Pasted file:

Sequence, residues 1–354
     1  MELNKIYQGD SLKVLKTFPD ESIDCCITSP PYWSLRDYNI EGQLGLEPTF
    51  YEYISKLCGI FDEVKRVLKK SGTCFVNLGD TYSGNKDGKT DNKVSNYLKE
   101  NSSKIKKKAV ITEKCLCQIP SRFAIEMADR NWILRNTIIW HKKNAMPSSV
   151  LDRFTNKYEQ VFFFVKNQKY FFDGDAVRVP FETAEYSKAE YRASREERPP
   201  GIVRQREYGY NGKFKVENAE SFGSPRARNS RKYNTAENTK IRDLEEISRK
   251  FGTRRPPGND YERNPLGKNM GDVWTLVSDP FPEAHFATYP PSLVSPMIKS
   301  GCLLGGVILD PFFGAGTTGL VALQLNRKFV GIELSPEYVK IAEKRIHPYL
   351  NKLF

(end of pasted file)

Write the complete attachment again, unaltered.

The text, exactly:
Sequence, residues 1–354
     1  MELNKIYQGD SLKVLKTFPD ESIDCCITSP PYWSLRDYNI EGQLGLEPTF
    51  YEYISKLCGI FDEVKRVLKK SGTCFVNLGD TYSGNKDGKT DNKVSNYLKE
   101  NSSKIKKKAV ITEKCLCQIP SRFAIEMADR NWILRNTIIW HKKNAMPSSV
   151  LDRFTNKYEQ VFFFVKNQKY FFDGDAVRVP FETAEYSKAE YRASREERPP
   201  GIVRQREYGY NGKFKVENAE SFGSPRARNS RKYNTAENTK IRDLEEISRK
   251  FGTRRPPGND YERNPLGKNM GDVWTLVSDP FPEAHFATYP PSLVSPMIKS
   301  GCLLGGVILD PFFGAGTTGL VALQLNRKFV GIELSPEYVK IAEKRIHPYL
   351  NKLF